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Shelomo HaMelekh (King Solomon) famously wrote in Mishle'i 24:16 (Proverbs):

כִּי שֶׁבַע יִפּוֹל צַדִּיק וָקָם וּרְשָׁעִים יִכָּשְׁלוּ בְרָעָה

For a righteous man can fall seven times and rise, but the wicked shall stumble upon evil.

I've looked through Miqra'ot Gedolot, Perush HaGR"A, Perush Rabbe'inu Yonah and Perush HaMaLBI"M and have not seen anyone ask/answer: why seven and not another number?

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    כי שבע. וזה כי אם תחשוב לעשות זה לא יעלה בידך כי הצדיק יפול פעמים רבות ויקום בכל פעם ופעם להדבק השגחת הש''י בו אך הרשעים יכשלו ויפלו ברעה אחת לבד: (רלב"ג) - simply measn "a lot" – Danny Schoemann Oct 25 '15 at 9:32
  • @DannySchoemann Why not any other number greater than one (or greater than, say, five if you want to get the point across that it's "a lot")? – Lee Oct 25 '15 at 9:33
  • Poking around here - I'd guess it has something to do with this answer: judaism.stackexchange.com/a/512/501: "Seven are the questions to always ask when studying something, according to the Tiferet Yisrael commentary on Avot 2:14" - So even if he gets all 7 wrong, he gets up and tries again. – Danny Schoemann Oct 25 '15 at 9:40
  • @msh210 I can't see what you edited in the body; but, why isn't the "tanakh" tag relevant? – Lee Oct 25 '15 at 13:58
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    @Lee We have so very many questions on books of Tanach that if we tagged them all with that tag then it would be diluted and people wouldn't be able to find questions about Tanach as a whole. – msh210 Oct 25 '15 at 14:00
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As noted by @DannySchoemann, Ralbag writes in his commentary to Proverbs (24:16) that in this context, seven simply means many:

הצדיק יפול פעמים רבות ויקום בכל פעם ופעם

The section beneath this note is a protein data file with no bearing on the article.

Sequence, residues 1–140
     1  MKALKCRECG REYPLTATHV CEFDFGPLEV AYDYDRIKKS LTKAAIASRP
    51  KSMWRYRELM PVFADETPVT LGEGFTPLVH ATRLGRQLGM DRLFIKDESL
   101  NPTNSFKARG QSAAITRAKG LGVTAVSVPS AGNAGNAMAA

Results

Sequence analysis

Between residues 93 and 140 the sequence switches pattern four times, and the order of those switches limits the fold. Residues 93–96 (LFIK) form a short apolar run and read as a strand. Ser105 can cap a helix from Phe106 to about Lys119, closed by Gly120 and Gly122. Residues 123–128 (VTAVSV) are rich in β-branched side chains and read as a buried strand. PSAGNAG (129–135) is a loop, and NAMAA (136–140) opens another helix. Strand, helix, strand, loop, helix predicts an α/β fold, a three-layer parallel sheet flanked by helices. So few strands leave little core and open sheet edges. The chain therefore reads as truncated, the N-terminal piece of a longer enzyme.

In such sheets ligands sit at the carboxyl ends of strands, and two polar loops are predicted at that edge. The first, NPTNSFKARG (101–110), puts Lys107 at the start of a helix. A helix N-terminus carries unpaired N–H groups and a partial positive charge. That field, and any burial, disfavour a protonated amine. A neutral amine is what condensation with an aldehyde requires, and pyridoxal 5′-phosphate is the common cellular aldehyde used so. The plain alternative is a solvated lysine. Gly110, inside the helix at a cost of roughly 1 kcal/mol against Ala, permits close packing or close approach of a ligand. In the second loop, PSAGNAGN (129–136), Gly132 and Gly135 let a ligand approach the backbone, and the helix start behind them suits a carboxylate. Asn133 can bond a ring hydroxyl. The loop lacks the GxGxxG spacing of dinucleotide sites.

The righteous person will fall down many times, and get up every time.

This seems to be the implication of Ibn Ezra (there) as well.

This is also stated by R. Sa'adya Gaon in his commentary to Proverbs there (R. Qafih translation p. 187-8). This is also stated by Rabbenu Netanel Beirav Fayyumi in Bustan al-Ukul (R. Qafih's translation pg. 41.)

In regards to the question:

Why not any other number greater than one (or greater than, say, five if you want to get the point across that it's "a lot")?

The answer seems to be that in the Torah, the number 7 is used to connote 'many', cf. Rav Sa'adya Gaon's translation of Genesis (4:24) (Arabic).

The question then becomes why in Torah (and the rest of Tanakh) the number 7 is used to mean 'a lot'.

The answer to that is presumably what R. Moshe Shamah writes:

In the ancient Near East, dating back to centuries before the Torah, the number seven was considered most prominent, representative of completion and perfection. (Recalling the Covenant p. 1062).

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In kabbalistic tradition there is an ascent of seven levels, from the sfirah of malchut up to the sfirah of chesed. The idea behind the fall is the attempt on their part to attain the next level. A fall in this context isn't literally a fall, but a realization that they have to rise above the current level. It is called a fall because of mankind's fall due to Adam's sin regarding the fruit of the tree of knowledge.

  • Beautiful idea. Do you have any sources to support it? – Lee Oct 26 '15 at 7:10
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The simplest answer is "seven" is a generic biblical term for "many." See the curses at the end of Leviticus -- "I will give them seven more punishments." Some commentaries try to count out exactly how it makes seven; others simply say it just means "a bunch."

  • In that case, do you think my question would be better directed at the general Biblical term instead of this verse in particular? – Lee Nov 1 '15 at 13:55
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    Which commentators say it means a bunch? – mevaqesh Nov 1 '15 at 14:40

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